Today, I propose a challenge to every faculty member on campus(or anyone else interested!):
Join your colleagues and author James M. Lang in discussing the book Small Teaching on Twitter.
We are all strapped for time, but we have access to the internet, and we can all carve out five minutes a day.
It’s called a “Twitter Chat” or in this case a “slow chat.” Chats are organized on twitter using a hashtag (#), and ours will be: #NJCSTchat.
The chat will allow us to discuss ideas found in Small Teaching, ask the author questions (to which he will respond!), and all from the comfort of…well, wherever you happen to be when you decide to check out the chat.
Tell me that’s not better than an in-service!
Here’s how it works:
- Create a Twitter account if you don’t have one (mine is: @JessebAdam)
- I will post daily questions with the hashtag #NJCSTchat
- Click on or search for the #NJCSTchat, and click on “Latest” to see responses
- To respond to the questions, click on the “Tweet” button
- Be sure to include the hashtag (#NJCSTchat) so that others will see your tweet!
- Respond to other tweets by clicking reply
In 5-10 minutes a day you can have a miniature professional development session from wherever you’d like!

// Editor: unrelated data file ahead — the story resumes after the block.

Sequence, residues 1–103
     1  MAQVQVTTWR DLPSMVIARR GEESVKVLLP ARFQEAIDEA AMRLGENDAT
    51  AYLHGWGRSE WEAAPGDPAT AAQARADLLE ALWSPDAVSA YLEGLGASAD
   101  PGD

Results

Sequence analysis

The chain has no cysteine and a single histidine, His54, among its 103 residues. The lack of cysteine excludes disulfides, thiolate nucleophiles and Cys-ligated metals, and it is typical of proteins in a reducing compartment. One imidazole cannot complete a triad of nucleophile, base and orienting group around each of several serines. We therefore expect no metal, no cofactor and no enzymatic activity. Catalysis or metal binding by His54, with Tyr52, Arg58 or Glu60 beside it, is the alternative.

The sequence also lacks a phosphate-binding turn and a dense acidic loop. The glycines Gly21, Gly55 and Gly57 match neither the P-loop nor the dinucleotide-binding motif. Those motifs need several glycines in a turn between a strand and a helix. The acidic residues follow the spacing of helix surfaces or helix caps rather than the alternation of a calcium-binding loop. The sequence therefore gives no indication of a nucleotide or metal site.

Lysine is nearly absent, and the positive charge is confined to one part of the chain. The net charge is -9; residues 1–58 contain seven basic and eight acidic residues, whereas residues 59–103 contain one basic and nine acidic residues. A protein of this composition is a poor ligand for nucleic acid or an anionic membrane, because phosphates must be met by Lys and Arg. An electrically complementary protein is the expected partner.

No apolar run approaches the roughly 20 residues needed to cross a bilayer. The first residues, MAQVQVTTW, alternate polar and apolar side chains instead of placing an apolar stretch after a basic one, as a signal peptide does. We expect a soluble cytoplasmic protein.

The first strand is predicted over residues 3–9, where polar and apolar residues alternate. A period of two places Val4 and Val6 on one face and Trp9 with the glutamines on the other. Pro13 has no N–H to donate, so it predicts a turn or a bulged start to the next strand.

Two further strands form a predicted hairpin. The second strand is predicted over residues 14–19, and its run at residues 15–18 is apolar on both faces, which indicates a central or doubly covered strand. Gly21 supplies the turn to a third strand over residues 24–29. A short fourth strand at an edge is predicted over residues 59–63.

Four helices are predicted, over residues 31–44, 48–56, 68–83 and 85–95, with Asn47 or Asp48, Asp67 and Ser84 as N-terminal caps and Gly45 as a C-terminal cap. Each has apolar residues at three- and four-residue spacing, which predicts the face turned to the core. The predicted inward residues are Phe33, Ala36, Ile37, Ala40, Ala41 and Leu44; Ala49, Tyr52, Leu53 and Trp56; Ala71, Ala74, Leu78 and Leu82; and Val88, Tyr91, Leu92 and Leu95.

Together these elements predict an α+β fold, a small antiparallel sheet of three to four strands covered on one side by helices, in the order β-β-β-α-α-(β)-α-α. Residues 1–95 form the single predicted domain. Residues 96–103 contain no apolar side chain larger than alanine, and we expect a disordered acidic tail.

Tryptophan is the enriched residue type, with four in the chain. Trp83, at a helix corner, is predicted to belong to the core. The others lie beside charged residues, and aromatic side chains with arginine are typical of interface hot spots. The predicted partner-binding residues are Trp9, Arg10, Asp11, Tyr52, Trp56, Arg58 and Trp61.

We will chat on the following weeks:
- Intro: Oct. 23-27
- Retrieval: Nov. 6-10
- Predicting: Nov. 27-Dec.1
- Interleaving: Dec. 11-15
If you are interested, but this whole Twitter chat concept is alien to you, let me know! I am happy to walk you through the process or answer any questions you may have.
Still skeptical of using a social media site for a professional development tool? I was too once. But I am so convinced of the power Twitter holds as a professional development tool that I wrote the following blog:
Not only does Twitter allow us to come together in the midst of our busy schedules, it allows us to interact with the author himself!
James M. Lang is a professor of English and director of the D’Amour Center for Teaching Excellence at Assumption college in Massachusetts. Dr. Lang has graciously agreed to chime in on our conversations as his schedule allows.
We don’t have to wait for an in-service or distant conference to ask those burning questions, we can ask them as we read!
I am excited to start the conversation! I leave you with another thought, one I’ve share before, from author and education innovator George Couros:
“What if every teacher tweeted one thing a day that they did in their classroom to a school hashtag, and they took five minutes out of their day to read each other’s tweets? What impact would that have on learning and school culture?”
George Couros, Crowd Accelerated Innovation